Home > Viracept (Molecule of the Month for June 2007 )
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C3 2H45 N3 O4 S
Viracept is an antiretroviral drug used in the treatment of the human immunodeficiency virus (HIV). Viracept belongs to the class of drugs known as protease inhibitors (PIs) and like other PIs is generally used in combination with other antiretroviral drugs. PIs prevent viral replication by inhibiting the activity of protease, an enzyme used by the viruses to cleave nascent proteins for final assembly of new virons. Viracept is presented as the mesilate (mesylate) ester prodrug.. It is marketed by Hoffman-La Roche and Pfizer. The Food and Drug Administration approved it for therapeutic use on March 14, 1997, making it the twelfth approved antiretroviral.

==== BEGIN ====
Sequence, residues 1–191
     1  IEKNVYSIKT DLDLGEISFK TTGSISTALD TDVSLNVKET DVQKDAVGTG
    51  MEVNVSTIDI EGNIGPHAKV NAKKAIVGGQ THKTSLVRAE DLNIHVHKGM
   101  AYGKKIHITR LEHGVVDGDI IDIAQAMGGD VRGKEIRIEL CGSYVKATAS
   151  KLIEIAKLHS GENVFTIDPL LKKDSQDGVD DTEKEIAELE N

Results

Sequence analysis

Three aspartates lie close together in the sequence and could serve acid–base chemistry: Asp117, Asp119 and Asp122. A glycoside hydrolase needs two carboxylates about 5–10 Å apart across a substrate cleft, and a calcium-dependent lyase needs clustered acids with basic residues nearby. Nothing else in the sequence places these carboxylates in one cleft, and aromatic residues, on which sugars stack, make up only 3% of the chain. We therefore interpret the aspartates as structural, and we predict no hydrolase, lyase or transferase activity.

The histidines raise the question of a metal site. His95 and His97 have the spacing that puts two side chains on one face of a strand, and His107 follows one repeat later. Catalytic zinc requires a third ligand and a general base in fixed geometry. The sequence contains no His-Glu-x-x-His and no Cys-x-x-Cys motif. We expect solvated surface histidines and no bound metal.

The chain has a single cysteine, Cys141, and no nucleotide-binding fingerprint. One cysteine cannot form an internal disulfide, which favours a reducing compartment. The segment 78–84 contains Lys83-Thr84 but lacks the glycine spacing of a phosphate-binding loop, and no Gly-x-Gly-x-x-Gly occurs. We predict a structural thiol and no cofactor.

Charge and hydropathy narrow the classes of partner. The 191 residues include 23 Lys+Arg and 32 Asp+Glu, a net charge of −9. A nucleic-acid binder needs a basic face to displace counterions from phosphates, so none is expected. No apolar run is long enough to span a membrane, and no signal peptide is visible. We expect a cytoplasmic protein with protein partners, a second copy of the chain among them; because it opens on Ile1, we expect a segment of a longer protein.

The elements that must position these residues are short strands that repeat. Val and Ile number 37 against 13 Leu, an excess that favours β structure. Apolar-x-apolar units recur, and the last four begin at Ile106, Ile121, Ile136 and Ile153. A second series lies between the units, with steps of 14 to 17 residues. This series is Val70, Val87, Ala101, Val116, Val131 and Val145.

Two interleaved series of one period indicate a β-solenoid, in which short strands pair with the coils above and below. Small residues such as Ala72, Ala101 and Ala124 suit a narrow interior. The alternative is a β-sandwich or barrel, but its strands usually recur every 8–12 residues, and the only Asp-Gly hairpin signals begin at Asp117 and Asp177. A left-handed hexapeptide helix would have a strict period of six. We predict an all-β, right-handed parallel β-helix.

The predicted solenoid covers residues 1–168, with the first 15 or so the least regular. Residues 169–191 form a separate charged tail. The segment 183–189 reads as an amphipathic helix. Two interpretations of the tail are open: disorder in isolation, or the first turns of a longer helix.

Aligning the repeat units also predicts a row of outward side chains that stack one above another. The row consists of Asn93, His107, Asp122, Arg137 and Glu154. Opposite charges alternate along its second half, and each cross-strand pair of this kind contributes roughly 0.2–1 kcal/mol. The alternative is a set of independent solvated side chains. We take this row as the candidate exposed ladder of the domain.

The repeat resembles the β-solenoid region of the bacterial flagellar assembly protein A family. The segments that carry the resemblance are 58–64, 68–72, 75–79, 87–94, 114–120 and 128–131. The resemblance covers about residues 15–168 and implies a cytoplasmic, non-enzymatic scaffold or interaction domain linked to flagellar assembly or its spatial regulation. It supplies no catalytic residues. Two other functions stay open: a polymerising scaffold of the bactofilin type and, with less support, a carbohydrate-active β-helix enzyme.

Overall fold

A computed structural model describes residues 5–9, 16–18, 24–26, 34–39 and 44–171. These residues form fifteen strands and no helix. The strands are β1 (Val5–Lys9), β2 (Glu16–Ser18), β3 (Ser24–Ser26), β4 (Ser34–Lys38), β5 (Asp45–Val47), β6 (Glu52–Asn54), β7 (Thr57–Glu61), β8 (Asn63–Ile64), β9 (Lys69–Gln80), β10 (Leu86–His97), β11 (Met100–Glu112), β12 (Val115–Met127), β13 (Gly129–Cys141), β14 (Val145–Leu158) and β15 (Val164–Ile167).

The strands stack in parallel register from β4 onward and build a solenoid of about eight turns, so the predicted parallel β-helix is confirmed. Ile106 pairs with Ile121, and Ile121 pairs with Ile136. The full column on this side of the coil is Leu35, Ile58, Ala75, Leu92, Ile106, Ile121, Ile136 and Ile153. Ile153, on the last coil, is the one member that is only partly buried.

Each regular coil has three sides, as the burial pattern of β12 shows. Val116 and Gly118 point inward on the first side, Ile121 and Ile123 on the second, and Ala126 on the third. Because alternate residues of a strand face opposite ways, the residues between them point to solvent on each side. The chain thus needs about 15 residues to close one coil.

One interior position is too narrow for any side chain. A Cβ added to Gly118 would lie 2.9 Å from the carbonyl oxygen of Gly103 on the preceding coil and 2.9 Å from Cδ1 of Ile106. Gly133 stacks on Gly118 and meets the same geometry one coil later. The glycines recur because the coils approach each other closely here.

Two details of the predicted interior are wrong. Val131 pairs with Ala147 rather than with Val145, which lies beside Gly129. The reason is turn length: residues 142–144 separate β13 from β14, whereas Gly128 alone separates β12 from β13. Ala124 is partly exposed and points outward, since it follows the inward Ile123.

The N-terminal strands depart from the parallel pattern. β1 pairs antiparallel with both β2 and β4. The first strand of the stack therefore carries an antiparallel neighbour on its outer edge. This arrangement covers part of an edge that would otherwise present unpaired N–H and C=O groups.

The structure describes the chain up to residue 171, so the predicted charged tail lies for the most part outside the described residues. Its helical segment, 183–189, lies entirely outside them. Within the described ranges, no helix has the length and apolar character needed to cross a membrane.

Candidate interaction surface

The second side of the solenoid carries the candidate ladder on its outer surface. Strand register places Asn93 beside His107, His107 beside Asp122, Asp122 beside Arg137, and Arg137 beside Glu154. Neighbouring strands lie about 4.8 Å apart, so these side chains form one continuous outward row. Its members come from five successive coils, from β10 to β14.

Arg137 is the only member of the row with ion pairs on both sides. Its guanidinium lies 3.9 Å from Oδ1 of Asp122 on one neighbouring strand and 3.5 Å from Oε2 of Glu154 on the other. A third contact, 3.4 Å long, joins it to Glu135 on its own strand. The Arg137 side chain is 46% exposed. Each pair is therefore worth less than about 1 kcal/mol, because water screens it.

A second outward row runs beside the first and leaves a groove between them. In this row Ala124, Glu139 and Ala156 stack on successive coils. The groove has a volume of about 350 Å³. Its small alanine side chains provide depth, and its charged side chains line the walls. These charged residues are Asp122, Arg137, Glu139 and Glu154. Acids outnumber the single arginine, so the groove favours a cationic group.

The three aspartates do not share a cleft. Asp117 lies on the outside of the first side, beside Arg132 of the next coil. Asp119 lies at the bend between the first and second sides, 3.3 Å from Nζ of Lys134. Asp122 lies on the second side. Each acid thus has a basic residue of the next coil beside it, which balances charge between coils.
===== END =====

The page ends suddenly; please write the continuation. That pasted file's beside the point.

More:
Viracept inhibits HIV-1 and HIV-2 proteases. This protease is an enzyme which cleaves viral protein molecules into smaller fragments, and it is vital for both the replication of the virus within the cell and also the release of mature viral particles from an infected cell. Though this mode of action is common to all protease inhibitors, the precise mode of binding of Viracept to the enzyme may be sufficiently unique to reduce cross-resistance between it and other PIs. Also, not all PIs inhibit both HIV-1 and HIV-2 proteases.
On the 6th June 2007 the world wide Drug Regulatory Agencyies put out an alert requesting the recall of Viracept in circulation because of fears that batches of the therapy may have been contaminated with potentially cancer-causing chemicals.
Formal Chemical Name (IUPAC)
Update by Karl Harrison
(Molecule of the Month for June 2007 )